Macchu Picchu Peru

Peru Exchange Rate April 2021

Peru: Peruvian sol hits all-time low in late March before rollercoaster of uncertainty ahead of 11 April elections

The Peruvian sol hit an all-time low against the U.S. dollar on 30 March, trading at 3.77 PEN per USD, after trending gradually lower since the beginning of the Covid-19 pandemic in early 2020. However, a sharp rally ahead of general elections on 11 April saw the sol regain considerable ground, amid hopes of a diffusion of political tensions. As such, while the sol appreciated 2.3% month-on-month at the end of trading on 16 April, it was 6.5% lower compared to the same a day a year prior.

The gradual depreciation to a record low came on the back of the sharp economic downturn that began in March–April 2020, at which time the sol traded at around 3.40 PEN per USD. One of the worst per capita mortality rates in the region, combined with some of the most stringent and long-lasting lockdown measures that instigated an 11.1% contraction in GDP in 2020—the largest among major South American nations—have seen the normally stable sol’s luster diminish significantly. Moreover, November 2020’s eruption of political unrest, which saw one president removed from power before his replacement resigned within a week following widespread public protests, also weighed heavily on investor sentiment, helping to sustain the depreciating trend.

More recently, the sol appreciated nearly 3% in a week at the start of April as pre-election optimism that moderate candidates such as Yonhy Lescano and Hernando de Soto would win drove the currency away from its record low. However, following the polarized results of the 11 April election—a run-off vote will be held in June between the left-wing Pedro Castillo and the right-wing Keiko Fujimori, while the new Congress will be deeply fragmented—the sol gave up some of its gains.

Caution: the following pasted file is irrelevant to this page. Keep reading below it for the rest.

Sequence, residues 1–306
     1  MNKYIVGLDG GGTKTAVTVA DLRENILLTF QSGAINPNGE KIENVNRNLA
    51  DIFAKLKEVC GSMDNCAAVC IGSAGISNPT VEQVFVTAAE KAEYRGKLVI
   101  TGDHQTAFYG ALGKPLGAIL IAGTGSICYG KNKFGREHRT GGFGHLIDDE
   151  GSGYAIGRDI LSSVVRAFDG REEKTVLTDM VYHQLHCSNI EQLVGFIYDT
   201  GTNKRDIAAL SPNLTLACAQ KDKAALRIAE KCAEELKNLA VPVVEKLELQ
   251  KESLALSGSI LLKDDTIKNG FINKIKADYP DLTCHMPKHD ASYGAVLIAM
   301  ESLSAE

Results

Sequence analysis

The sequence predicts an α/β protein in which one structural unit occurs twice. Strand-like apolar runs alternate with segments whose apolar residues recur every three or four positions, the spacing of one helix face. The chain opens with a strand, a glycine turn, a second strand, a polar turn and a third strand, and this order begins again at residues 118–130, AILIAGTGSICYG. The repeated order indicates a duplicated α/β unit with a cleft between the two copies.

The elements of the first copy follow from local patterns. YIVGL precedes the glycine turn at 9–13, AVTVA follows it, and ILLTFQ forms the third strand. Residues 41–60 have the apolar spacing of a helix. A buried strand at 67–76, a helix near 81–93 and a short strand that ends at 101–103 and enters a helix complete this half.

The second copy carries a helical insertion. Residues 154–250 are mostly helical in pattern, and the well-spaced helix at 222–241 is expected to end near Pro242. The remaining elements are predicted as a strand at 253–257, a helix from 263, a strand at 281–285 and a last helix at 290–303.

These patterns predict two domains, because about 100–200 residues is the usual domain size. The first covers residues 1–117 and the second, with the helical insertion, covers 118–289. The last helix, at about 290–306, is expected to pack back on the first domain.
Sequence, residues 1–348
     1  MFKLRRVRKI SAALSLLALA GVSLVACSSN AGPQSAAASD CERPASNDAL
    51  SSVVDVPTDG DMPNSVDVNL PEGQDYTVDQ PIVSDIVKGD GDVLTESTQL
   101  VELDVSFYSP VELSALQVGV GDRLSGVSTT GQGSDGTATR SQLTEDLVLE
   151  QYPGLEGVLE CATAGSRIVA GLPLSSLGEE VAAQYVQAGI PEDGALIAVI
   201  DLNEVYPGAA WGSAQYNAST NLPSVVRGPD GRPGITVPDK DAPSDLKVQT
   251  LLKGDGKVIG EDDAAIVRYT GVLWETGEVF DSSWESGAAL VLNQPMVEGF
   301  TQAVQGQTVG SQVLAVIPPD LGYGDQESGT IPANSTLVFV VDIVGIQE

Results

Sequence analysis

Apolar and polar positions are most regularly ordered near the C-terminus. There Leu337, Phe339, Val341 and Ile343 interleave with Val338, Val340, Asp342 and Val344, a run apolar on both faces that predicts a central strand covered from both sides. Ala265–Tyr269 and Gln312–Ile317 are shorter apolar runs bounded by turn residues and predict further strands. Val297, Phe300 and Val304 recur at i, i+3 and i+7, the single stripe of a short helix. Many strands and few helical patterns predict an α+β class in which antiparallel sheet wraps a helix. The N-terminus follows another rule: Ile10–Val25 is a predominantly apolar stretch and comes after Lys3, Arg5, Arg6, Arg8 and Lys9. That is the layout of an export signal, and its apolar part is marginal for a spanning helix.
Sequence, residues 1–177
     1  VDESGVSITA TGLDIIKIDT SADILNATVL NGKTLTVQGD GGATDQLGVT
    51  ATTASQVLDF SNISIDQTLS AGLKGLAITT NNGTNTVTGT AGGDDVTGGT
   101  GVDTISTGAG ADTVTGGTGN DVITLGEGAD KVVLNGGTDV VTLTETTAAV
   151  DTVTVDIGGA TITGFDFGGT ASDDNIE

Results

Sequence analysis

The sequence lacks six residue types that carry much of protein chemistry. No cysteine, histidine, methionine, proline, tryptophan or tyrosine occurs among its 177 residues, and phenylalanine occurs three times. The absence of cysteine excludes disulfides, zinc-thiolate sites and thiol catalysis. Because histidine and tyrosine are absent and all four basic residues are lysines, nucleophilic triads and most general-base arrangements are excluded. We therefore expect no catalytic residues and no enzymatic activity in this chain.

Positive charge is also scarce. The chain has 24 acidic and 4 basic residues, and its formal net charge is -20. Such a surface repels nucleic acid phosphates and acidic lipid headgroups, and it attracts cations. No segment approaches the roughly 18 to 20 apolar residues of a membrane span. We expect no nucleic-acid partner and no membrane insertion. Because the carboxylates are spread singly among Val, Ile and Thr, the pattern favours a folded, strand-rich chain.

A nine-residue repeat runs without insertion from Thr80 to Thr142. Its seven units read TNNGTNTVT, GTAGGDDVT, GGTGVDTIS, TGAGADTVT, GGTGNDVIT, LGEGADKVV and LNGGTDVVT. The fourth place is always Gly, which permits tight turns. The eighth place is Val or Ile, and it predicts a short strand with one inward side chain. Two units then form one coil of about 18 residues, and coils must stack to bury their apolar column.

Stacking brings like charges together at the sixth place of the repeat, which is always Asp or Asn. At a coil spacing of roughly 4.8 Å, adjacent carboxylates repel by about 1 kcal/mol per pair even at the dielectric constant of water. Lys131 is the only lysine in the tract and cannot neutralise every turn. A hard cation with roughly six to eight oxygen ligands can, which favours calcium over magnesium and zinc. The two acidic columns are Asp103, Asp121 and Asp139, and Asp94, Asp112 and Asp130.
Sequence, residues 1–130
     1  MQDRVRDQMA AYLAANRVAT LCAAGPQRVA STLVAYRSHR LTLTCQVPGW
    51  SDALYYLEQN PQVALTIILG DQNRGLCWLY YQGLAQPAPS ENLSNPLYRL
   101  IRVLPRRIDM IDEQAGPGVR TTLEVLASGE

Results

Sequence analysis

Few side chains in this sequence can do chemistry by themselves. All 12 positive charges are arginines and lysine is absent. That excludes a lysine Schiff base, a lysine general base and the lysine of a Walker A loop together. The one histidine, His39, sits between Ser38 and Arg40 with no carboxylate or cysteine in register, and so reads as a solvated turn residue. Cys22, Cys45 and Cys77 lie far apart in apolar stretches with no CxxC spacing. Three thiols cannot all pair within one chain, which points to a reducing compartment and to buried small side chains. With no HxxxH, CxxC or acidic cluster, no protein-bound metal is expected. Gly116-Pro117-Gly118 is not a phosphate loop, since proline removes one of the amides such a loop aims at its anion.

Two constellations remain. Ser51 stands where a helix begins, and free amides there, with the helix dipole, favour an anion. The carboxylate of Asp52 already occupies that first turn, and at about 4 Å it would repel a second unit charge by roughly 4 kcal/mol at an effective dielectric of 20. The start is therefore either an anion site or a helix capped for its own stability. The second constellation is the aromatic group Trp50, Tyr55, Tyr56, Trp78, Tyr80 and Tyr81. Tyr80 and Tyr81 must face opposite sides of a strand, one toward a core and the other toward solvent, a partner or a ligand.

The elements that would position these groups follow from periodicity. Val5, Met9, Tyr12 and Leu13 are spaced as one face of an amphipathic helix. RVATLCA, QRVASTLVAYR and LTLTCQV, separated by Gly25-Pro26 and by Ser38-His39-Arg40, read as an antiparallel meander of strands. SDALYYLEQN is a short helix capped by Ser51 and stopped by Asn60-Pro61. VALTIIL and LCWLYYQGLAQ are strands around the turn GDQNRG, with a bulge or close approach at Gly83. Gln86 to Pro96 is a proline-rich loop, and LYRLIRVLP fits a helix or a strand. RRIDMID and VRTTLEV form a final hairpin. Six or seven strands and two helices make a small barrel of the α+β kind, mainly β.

Going forward, the currency looks set to experience some short-term volatility as political uncertainty continues to obscure a generally strong macroeconomic picture: Peru has low public and external debt levels, strong international reserves and burgeoning terms of trade amid rising copper prices. As such, the currency should strengthen slightly in the year as political uncertainty subsides and solid fundamentals and a strong export-led recovery drive renewed interest in the sol.

Regarding the outlook for the currency, analysts at EIU commented:

“We expect the sol to depreciate in the first half of this year, reflecting investor jitters about the trajectory of Covid-19 cases, uncertainty regarding the election and pressure from rising US Treasury yields. We expect the currency to see an appreciation in the second half of the year, once electoral uncertainty abates and the pandemic is brought under better control, as the vaccine rollout ramps up. The BCRP will continue to intervene to keep depreciation pressures under control, and large foreign reserves (US$76bn as at February) give the BCRP ample space to intervene more strongly if required.”

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